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Cranes, Telehandler Get Into ’Spirit’ of Tall Ship Construction

Wed August 03, 2005 - Southeast Edition
Jeff Cronin

All British poet John Masefield asked for in “Sea Fever” was “a tall ship and a star to steer her by.”

But, in order to fulfill that request — at least the ship part — Master Shipwright Mark Bayne has sought the assistance of the heavy equipment industry.

Bayne, and a crew from Sea Island Boatworks resumed work on the Spirit of South Carolina in Charleston in March after a 17-month lull in the project caused by a lack of funding.

Ironically enough, a Lull telehandler was among the first equipment back at the job site once work resumed.

The $4 million pilot schooner’s design is reminiscent of the Frances Elizabeth, a vessel built in Charleston in 1879 that called the harbor home for 25 years. The plans for the new ship were derived from its inspiration’s plans found amidst the shelves of the Smithsonian.

Bayne said he needed the help of a Lull because of the size of this project. The work it’s performing would normally be completed with a forklift for smaller vessels.

The ship’s deck will measure 90 ft. and its overall length will be 138 ft.

The Lull is the workhorse of the project.

“We have it out there all the time,” Bayne said.

The machine lifts some of the lighter components of the ship into place for crew members to attach to its skeleton.

When it comes to the heavier pieces of the puzzle, though, Bayne and his crew rely on cranes from Parker Rigging Company Inc. in North Charleston. He calls the cranes in every few days to set three of the ship’s frames at a time. Each of the 41 frames weighs a couple of thousand pounds each.

Tim Parker, president of Parker Rigging Company, has brought in both a 14.5 ton Terex boom truck and a 21 ton National boom truck.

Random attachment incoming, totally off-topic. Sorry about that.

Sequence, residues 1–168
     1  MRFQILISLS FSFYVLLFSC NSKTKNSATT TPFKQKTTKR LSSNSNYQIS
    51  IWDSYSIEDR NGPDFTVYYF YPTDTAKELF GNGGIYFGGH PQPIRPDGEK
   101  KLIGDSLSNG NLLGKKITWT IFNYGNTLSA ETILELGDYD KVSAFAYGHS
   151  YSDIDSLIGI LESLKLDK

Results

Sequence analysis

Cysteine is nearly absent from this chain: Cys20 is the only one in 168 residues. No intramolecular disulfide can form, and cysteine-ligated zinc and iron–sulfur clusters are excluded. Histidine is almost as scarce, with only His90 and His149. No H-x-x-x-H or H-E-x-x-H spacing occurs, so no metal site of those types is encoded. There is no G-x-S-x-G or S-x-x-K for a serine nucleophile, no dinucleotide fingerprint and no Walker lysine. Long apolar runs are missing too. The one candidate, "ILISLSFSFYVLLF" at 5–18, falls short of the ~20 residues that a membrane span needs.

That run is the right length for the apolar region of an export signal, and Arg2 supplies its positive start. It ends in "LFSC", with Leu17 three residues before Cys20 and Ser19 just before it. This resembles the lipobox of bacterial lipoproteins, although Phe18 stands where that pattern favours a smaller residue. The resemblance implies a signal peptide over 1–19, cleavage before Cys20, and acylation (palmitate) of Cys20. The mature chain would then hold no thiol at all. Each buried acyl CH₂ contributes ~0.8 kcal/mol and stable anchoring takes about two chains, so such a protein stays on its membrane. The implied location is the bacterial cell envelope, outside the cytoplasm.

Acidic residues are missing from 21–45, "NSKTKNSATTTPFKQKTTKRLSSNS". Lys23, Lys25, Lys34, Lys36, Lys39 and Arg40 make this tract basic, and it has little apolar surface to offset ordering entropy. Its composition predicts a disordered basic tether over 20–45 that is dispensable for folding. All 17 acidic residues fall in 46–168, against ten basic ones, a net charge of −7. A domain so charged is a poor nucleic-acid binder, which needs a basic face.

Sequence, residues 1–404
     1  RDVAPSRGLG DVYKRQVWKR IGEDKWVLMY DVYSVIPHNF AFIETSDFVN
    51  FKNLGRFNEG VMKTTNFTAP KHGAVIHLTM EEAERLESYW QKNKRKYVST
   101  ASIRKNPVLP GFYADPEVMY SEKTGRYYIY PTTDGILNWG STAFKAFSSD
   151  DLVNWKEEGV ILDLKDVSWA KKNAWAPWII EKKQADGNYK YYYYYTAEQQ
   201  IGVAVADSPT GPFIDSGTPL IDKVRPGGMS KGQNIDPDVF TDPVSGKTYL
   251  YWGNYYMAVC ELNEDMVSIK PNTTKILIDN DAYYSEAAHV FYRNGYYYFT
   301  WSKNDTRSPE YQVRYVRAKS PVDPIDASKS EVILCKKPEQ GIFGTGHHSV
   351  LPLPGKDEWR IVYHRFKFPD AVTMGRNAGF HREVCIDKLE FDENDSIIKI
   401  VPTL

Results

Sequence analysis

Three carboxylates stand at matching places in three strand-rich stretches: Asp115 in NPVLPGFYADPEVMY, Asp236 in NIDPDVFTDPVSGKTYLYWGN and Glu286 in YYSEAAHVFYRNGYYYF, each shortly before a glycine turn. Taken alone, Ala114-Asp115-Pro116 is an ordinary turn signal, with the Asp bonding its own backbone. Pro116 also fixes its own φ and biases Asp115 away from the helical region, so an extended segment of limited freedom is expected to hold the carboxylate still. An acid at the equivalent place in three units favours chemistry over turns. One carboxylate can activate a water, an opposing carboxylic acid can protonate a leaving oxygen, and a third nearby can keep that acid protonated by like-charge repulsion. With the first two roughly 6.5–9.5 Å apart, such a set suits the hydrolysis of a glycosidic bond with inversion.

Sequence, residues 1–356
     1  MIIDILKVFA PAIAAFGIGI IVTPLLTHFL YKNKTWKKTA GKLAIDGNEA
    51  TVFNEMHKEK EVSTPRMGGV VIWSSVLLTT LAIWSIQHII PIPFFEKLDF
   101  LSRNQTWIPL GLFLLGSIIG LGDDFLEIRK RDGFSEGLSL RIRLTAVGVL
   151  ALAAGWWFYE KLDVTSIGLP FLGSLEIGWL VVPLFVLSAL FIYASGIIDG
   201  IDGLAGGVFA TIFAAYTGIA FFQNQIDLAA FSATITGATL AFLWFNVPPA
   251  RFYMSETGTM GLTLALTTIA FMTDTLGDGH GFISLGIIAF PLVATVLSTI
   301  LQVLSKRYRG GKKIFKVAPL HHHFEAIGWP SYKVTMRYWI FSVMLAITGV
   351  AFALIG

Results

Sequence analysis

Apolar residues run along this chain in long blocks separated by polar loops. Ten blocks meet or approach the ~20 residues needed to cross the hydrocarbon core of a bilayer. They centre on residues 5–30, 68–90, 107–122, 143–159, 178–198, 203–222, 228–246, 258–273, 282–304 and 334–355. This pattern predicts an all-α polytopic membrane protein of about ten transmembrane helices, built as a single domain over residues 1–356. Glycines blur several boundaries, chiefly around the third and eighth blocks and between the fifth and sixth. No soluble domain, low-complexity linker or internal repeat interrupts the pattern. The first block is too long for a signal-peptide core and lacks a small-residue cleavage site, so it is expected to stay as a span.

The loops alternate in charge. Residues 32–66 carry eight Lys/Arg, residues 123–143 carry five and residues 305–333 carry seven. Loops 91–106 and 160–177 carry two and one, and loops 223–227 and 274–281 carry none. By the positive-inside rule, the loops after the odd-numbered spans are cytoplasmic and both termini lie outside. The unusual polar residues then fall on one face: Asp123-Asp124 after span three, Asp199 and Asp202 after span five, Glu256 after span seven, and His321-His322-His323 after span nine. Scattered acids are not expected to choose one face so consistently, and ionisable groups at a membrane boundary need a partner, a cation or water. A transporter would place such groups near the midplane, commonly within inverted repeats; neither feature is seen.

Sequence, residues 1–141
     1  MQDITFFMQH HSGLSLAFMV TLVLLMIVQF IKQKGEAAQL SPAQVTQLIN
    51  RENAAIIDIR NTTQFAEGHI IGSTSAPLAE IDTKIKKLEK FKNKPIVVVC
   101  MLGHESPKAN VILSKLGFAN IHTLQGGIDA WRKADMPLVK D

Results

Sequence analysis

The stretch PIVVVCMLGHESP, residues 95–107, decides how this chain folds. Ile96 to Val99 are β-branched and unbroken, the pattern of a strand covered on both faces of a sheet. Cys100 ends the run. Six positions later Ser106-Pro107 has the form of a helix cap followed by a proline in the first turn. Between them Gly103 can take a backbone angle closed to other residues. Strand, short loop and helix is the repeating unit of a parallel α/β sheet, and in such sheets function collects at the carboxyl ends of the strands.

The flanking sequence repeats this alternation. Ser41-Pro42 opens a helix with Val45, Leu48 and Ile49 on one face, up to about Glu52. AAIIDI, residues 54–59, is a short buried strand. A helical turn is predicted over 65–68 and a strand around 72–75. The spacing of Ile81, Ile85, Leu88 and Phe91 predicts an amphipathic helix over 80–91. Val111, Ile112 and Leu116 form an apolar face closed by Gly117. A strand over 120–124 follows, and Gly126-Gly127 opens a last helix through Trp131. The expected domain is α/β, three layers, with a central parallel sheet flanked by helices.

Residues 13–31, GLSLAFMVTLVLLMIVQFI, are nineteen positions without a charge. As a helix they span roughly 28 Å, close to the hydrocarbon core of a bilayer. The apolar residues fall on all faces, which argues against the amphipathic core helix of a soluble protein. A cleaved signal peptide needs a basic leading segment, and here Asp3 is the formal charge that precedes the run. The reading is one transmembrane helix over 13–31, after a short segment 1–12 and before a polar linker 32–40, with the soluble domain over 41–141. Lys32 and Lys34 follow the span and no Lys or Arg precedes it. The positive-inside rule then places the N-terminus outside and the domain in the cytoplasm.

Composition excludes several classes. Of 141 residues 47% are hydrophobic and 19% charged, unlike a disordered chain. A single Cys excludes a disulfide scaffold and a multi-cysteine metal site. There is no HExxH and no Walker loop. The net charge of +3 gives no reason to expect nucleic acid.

These were the right ones for the job because, “the loads weren’t particularly heavy.”

In addition, the equipment had to maneuver through downtown Charleston to get to the site, which can be congested with building material, not leaving enough room for larger cranes.

Parker also said the smaller units fit better into the project’s budget.

Bayne said the access to modern equipment makes the job a little easier than the builders of the Frances Elizabeth had it, but “we could still do it that way if we were forced to.”

Instead of building the heavy frames outside of the ship’s skeleton, crews would have built them in place.

Still, the construction of the wooden ship has hints of the old fashioned way of doing things, just with the convenience of modern tools.

The crew consists of six full-timers, along with a core of seven volunteers.

“They’re local people who aren’t expert ship builders but they don’t mind hard work,” Bayne said.

There have not been any extraordinary challenges during the Spirit’s construction, aside from fundraising, which is led by the South Carolina Maritime Heritage Foundation, the owner of the ship and surrounding shipyard.

The seaworthy vessel, which will be able to carry 29 overnight passengers and a crew, won’t simply become an homage to times gone by.

“The Spirit of South Carolina will be a great asset to the area and to the state of South Carolina,” said Charleston Mayor Joe Riley. “Providing unique educational experiences to thousands of students, this tall ship will be a wonderful representation of the strong maritime history of this area and the state.”

Once complete, the Sprit will act as a classroom for students from around the region. They will be able to experience navigation, trimming sails and working as a team.

For more information, visit CEG

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